According to Mistry, the solution they came up with isn’t necessarily 100% effective as it is still only a static skybox. For instance, if an animal were to fly out of shot, you won’t necessarily see that reflected in the real world surrounding the camera as it will remain static. Nevertheless, it achieved the effect they were going for.

Cellular Harvest 

Compared to the previous games mentioned, Redact Games’ Cellular Harvest makes for a somewhat dramatic contrast; at least, thematically. It has you playing as a photographer in the employ of a corporation that wants to exploit and harvest the animals you’re identifying and taking pictures of. 

You’ll explore a strange alien world from the first-person perspective and will have to take multiple photographs of different species, in order to gather more information about their possible applications back home. The game developer Nate Berens and narrative designer Xalavier Nelson Jr. are the ones responsible for this sinister take on the genre, with the project initially starting production as a chill exploration game before taking on a more menacing subtext.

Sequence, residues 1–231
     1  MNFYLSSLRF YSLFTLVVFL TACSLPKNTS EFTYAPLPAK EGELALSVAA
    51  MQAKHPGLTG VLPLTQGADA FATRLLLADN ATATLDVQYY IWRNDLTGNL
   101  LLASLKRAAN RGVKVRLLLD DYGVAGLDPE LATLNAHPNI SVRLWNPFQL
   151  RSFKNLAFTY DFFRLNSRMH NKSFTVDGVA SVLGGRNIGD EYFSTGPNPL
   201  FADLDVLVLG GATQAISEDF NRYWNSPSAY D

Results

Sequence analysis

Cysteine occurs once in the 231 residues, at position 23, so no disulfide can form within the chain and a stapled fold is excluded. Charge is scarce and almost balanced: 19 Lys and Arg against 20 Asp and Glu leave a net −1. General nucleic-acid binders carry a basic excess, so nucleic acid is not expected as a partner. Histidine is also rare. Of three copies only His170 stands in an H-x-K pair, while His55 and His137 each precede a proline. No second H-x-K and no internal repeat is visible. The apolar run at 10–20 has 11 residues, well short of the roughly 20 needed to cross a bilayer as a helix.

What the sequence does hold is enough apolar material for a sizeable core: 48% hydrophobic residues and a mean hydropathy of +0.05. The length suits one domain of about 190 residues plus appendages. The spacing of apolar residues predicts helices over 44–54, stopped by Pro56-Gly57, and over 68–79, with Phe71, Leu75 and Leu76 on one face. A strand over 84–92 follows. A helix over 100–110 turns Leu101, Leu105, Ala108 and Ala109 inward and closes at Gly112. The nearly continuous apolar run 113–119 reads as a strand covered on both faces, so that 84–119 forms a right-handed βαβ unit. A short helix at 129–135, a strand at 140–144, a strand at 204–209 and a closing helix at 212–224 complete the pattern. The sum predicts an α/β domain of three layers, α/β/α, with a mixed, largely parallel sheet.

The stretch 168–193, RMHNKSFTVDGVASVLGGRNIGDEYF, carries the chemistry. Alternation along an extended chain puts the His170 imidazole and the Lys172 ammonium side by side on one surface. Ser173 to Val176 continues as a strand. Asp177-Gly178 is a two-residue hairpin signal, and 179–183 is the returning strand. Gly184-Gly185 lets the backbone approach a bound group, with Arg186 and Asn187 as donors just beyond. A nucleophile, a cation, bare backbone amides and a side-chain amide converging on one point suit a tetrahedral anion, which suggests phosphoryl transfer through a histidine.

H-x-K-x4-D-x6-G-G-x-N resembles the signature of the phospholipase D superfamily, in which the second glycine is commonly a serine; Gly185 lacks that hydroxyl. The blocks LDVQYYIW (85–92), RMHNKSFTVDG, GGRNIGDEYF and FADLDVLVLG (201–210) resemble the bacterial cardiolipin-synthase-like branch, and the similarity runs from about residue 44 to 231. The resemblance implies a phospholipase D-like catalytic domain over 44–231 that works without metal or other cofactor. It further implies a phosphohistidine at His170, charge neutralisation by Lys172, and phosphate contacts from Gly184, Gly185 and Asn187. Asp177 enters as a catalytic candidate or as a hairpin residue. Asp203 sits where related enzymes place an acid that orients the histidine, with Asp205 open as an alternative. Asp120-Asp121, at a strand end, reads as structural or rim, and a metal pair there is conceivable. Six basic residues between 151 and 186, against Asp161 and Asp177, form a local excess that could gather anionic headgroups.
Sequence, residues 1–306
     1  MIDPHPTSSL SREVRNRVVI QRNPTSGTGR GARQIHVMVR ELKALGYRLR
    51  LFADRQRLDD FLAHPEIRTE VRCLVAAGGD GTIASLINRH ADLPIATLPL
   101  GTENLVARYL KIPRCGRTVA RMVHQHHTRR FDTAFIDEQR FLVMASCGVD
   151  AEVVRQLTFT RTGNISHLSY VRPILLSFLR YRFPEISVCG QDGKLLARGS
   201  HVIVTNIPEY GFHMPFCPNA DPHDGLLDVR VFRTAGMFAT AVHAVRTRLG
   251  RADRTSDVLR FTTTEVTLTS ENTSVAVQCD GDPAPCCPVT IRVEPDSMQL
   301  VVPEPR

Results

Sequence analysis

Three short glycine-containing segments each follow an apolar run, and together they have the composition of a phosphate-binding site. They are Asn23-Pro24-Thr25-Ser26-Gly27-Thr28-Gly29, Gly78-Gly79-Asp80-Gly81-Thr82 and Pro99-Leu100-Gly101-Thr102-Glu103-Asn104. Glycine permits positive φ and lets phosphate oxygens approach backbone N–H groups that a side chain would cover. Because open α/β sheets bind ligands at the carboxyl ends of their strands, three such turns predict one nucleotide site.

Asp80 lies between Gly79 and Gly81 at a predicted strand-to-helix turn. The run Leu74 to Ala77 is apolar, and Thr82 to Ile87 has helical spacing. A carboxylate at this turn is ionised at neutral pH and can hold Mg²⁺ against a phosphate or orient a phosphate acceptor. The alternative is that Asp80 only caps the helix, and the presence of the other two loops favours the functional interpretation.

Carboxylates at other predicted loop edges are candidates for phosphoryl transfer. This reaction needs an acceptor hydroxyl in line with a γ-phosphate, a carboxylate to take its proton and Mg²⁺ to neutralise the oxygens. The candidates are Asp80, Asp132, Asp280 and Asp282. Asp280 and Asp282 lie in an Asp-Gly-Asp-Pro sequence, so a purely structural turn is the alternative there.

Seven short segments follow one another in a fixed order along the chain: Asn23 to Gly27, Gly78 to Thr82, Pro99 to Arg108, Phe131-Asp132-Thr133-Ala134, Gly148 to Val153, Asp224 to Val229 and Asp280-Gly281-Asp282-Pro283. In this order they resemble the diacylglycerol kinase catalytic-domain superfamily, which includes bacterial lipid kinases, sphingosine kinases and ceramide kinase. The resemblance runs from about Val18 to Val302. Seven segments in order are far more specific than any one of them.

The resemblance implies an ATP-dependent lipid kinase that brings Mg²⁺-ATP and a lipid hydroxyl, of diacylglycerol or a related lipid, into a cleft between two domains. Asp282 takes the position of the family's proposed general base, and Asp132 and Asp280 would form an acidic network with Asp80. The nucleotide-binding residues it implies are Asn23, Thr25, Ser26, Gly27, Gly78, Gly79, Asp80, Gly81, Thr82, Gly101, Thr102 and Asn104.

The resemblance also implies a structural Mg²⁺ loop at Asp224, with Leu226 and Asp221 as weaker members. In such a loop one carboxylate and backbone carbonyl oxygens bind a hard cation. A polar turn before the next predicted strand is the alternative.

According to Berens, he didn’t want this unique approach to be a shocking third-act twist, but instead wanted the players to be constantly reminded of what they were doing and why. As a result, whenever you take a photograph of a specimen, an AI will communicate further information to the player on behalf of your employers.

“There’s been a lot of discussion about The Last of Us and other games that are like ‘Don’t you feel really bad about the thing we made you do’. So it was intentional on our part that we were like we’re going to tell you up front what the situation is, we’re going to let you do it, and then let you think about it.”